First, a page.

When budgeting for back-to-school expenses, parents generally include routine fare like clothes, school supplies and maybe a new backpack. But if your kids participate in extracurricular activities, whether it's sports, music lessons or art classes, you could be on the hook for hundreds or even thousands of dollars in additional expenses throughout the year if you're not careful.
As parents, we hesitate to stifle our children's athletic and creative urges, especially when it can be so difficult to drag them away from their iPods and Xboxes. But sometimes you've just got to step back, weigh the different options available and decide what you can afford without upsetting your other financial goals and responsibilities.
You'll face tough questions like, "Is it better for my child's future to spend $500 on a soccer day camp he'll really enjoy or to invest the money in a 529 College Savings Plan?"
My wife and I commonly wrestle with these types of questions.
For example, last fall our son had outgrown his baseball equipment and was begging us for a new bat that cost $125.
A year later, it sits on the sidelines because he prefers to use a friend's bat. (We're not complete pushovers, however: When he recently obsessed over a $200 pair of high-tech gym shoes, we said no.)
Among the best advice I've received from other parents is, when your kids are exploring new activities, don't overcommit your time or money until you know whether they'll stick with it or quickly move on to the next thing.
For example, before you sink a small fortune into private swimming lessons, start small with a summer class at your local Y or recreation center.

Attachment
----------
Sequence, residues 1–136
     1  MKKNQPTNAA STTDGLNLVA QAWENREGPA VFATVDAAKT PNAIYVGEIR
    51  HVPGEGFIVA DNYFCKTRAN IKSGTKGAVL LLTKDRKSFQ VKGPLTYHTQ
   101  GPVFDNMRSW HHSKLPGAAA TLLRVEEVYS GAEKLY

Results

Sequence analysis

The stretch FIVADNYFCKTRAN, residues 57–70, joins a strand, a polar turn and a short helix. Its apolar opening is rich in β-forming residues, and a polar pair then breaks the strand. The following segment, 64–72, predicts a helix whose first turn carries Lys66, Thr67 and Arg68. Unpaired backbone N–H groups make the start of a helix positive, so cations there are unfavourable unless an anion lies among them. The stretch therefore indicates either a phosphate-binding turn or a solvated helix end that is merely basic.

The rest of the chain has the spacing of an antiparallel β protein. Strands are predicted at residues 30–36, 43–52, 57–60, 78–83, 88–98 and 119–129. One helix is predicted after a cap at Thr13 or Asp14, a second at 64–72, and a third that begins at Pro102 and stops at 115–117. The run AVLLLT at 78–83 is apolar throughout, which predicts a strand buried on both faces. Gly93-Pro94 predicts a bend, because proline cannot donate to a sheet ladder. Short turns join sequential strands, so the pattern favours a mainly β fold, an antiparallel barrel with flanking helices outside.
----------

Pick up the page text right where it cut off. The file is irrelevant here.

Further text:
If your kid shows a genuine aptitude and doesn't balk at long hours of practice, then you can explore more costly alternatives. Just remember who'll be driving to practice and out-of-town swim meets; in other words, make sure you can honor the time commitment before signing on.
Here are a few tips for prioritizing extracurricular events and keeping your costs down:
Focus on one sport or activity per kid, per season, especially if they involve multiple practice sessions or games per week.
Form carpools with other parents. You'll save gas money and time, especially if your kids are practicing at different locations.
Learn how much equipment and instruction the sport requires. Some, like soccer and basketball can be relatively inexpensive; while others, like horseback riding, golf and ice skating involve expensive equipment or facility rental time.
Rent or buy used sporting equipment (or musical instruments) until you're sure they'll stick with the activity. Visit Play It Again Sports stores, online ad sites like Craigslist and yard sales.
Seek out or form a sports equipment exchange in your community where families can donate outgrown or cast-off equipment and uniforms for others to use.
It's probably better to invest in new safety gear, like helmets and masks, than to buy it used and potentially damaged.
The same goes for items like shoes or baseball gloves that become molded to a child's body unless they were hardly used.
Sometimes the cost of an elective program is worth making sacrifices elsewhere in your budget. Our daughter loves theater arts, so we decided it was worth shaving our vacation budget to send her to theater camp.
She'll make new friends and hone her dramatic and social skills in an environment that public school just can't duplicate.
Jason Alderman directs Visa's financial education programs.